Relay for Life Takes Place This Weekend
When golf pro Eric Barto could answer questions with only a yes or no he knew something was wrong.
"I couldn't even say my own name or give my phone number."
At first Barto attributed the problem to the stress of a televised golf tournament.
An MRI and other tests done near his Ohio home in 2004 proved different: Barto had a glioblastoma, a cancerous brain tumor.
Five years, four surgeries, several courses of radiation and chemotherapy later, the Carthage resident will participate in the American Cancer Society's Relay for Life held at the Moore County Fairgrounds in Carthage from 10 a.m. Saturday until 9 a.m. Sunday.
"My outlook was so bleak I just wanted to get my wife back home to North Carolina. Now I'm doing great," Barto says. Barto will speak during the candlelit service remembering lost loved ones. His wife, Debbie Barto, will speak on behalf of caregivers.
Relay for Life is the American Cancer Society's signature nationwide fundraising 24-hour multimedia event. Teams of participants who have solicited donations gather at a park or school athletic field, camp out, walk laps around the track, hear speakers and are entertained.
The mood is upbeat and families are welcome.
"This is our way to honor survivors," says chairperson Jackie Tyson.
The relay began in the 1980s in Tacoma, Wash., when a colorectal surgeon raised $27,000 by running 83 miles around a track in 24 hours.
Last year, two Relays were held in Moore County -- one in Robbins, another at Pinecrest High School. Turnout was small. This year the events have been combined and more entertainment added, including the Sweet Tea and Sand Band, the Kevin Baker Band, the Golf Capital Chorus and The Reserve, a national pop/rock band on The Tour of Hope. The Relay also offers a silent auction, dancing, movies and glow-in-the-dark games.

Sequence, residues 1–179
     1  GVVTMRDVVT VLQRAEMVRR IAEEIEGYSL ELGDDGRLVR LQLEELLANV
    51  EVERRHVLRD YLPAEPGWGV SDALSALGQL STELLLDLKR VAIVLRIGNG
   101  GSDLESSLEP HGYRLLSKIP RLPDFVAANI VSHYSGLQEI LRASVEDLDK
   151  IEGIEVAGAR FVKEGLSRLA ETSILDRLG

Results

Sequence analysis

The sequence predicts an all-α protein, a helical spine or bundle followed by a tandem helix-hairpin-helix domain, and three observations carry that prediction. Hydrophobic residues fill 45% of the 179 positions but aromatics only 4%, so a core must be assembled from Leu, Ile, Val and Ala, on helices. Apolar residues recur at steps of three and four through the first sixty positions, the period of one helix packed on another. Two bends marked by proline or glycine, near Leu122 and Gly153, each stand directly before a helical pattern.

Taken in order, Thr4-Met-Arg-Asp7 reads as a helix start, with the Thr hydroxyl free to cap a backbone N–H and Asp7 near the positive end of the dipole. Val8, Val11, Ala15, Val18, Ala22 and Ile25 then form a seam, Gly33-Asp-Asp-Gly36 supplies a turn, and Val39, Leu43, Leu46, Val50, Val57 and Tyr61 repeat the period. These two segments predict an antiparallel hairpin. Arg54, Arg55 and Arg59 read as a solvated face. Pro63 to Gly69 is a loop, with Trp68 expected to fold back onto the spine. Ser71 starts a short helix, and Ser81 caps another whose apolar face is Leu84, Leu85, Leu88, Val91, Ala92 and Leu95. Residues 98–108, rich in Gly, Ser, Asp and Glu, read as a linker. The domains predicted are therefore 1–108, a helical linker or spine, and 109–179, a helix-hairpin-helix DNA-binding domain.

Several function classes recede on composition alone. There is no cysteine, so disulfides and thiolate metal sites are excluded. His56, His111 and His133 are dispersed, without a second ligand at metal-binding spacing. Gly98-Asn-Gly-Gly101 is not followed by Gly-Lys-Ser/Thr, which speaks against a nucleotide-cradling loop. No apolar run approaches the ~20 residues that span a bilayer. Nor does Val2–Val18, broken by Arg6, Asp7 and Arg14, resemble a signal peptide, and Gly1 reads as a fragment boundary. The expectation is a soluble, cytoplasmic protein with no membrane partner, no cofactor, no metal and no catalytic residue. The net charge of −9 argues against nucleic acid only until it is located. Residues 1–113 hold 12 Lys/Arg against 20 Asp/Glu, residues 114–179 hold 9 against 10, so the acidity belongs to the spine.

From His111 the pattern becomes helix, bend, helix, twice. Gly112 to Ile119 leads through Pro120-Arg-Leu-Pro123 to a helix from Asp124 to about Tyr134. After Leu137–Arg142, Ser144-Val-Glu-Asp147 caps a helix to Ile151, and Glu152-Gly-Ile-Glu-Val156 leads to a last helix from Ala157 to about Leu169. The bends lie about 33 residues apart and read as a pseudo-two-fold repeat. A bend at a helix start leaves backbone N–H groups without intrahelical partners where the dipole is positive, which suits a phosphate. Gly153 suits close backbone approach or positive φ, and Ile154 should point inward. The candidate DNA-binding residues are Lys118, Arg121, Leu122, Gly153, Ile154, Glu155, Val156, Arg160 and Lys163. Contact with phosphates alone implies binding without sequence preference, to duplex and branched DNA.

The day begins with the triumphant Survivors' Lap around the track followed by opening speaker Charles McKnight telling his story:
McKnight, a Pinecrest High School graduate, was diagnosed with stage four Hodgkins lymphoma in 2007 when he was 21, newly married, expecting a baby, working, and a senior at University of North Carolina at Greensboro.
"It took a year to process everything," McKnight says, meaning surgery, eight months of chemotherapy and 20 radiation sessions.
At no time did he back off or adjust his plans.
"Sometimes I would have radiation at 6 a.m. and go straight to class," McKnight recalls.
Now, at 23, he is in remission, has a baby daughter, bought a house and is a language arts instructor at West Pine Middle School where his wife teaches algebra.
McKnight will speak about hope. "I have a deeper understanding of cancer now. Cancer forces you to think about how finite and short life is. I had been struggling with aspects of my faith, which is now stronger. I understand that I have matured in ways I never would have without the cancer," he says. "I hope the cancer goes away but I know that while it's there, you can use it as a tool."
Contact Deborah Salomon at email@example.com.
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